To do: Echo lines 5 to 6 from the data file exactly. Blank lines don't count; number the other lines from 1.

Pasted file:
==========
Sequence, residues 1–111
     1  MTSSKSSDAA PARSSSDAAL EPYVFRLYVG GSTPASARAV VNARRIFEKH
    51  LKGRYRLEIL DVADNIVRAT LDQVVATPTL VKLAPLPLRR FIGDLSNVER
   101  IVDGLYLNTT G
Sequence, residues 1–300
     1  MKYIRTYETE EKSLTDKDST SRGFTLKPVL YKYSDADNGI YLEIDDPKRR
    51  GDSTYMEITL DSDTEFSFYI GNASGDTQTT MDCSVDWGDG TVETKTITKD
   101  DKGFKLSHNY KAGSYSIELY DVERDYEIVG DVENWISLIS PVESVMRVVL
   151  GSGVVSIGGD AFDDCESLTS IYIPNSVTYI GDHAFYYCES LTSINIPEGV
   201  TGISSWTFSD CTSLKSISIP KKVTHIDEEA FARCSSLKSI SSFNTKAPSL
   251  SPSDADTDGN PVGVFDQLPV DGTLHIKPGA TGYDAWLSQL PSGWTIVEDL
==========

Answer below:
Sequence, residues 1–300
     1  MKYIRTYETE EKSLTDKDST SRGFTLKPVL YKYSDADNGI YLEIDDPKRR